*** out of Five

Another Round (3/8/2021)

Another Round is a movie I’ve been kind of avoiding all year, in part because I’m kind of unfamiliar with its director’s work (largely because his most famous film and logical starting point The Celebration is difficult to obtain) and I feel somewhat unqualified to jump in on his latest without the background considering he’s been a pretty big fixture in Danish cinema for a while.  The film is something of a comedy, albeit a rather dry one about a group of high school teachers who become inspired by a paper they read which suggests that people are more functional when they have a raised blood alcohol content and decided to engage in a not terribly scientific experiment where they drink enough to be just below the legal limit at all times.  The movie seems to be trying to be something of an exploration of alcohol consumption without being about actual alcoholism, though it does look at the ways people can use intellectual ideas to justify irresponsible behavior but the movie never quite comes to any clear cut easy answers on the topic of drunkenness.  Thing is, I’m basically a teetotaler and there’s a lot about this movie that I don’t really relate to and I think there’s a lot of subtleties to these characters’ drunkenness that I’m not really picking up on.  I can appreciate the performances and see some of the points the movie’s trying to make about middle aged ennui, but I didn’t find it particularly “funny” and I don’t think this was ever really going to be something that was for me.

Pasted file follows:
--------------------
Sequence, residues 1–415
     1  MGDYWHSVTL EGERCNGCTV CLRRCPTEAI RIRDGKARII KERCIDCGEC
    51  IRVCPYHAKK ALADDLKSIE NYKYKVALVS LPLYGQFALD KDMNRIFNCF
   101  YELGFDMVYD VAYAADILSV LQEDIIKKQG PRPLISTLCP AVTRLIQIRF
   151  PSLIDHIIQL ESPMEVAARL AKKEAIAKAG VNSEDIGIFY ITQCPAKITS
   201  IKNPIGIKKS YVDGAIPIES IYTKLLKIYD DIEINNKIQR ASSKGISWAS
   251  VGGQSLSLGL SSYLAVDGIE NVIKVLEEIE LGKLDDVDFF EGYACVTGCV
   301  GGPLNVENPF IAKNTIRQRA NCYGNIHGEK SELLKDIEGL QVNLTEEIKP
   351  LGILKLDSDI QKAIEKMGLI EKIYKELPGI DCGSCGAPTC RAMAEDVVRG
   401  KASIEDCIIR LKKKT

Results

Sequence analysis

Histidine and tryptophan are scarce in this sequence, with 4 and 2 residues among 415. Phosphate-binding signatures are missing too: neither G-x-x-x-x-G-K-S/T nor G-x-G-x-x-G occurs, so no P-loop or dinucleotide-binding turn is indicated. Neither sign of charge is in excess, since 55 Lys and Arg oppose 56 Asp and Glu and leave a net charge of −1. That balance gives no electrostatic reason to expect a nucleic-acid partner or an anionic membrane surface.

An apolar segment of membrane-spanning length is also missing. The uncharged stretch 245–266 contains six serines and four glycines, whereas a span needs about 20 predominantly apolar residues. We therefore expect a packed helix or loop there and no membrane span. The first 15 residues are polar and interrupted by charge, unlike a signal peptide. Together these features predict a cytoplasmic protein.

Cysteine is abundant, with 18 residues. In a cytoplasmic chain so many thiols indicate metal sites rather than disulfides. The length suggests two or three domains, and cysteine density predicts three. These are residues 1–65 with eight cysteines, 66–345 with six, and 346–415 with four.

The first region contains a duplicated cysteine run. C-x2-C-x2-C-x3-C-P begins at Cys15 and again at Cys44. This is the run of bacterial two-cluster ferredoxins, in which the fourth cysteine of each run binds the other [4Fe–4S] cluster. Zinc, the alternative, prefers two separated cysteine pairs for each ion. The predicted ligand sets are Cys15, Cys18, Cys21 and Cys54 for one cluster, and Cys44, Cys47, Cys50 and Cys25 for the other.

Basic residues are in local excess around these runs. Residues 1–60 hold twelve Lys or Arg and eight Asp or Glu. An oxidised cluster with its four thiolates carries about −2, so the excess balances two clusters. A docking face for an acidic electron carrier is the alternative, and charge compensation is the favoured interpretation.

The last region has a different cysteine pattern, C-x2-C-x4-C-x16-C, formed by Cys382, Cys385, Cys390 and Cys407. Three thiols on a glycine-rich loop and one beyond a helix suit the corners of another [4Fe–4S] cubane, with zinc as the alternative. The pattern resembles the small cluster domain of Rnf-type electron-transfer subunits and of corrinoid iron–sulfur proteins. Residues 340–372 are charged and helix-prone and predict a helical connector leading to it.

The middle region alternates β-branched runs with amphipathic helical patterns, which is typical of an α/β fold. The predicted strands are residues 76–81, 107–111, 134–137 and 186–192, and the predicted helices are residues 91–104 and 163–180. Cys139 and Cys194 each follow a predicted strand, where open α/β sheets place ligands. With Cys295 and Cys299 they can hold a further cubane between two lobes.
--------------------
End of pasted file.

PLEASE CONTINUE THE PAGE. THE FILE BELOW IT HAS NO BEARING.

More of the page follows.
*** out of Five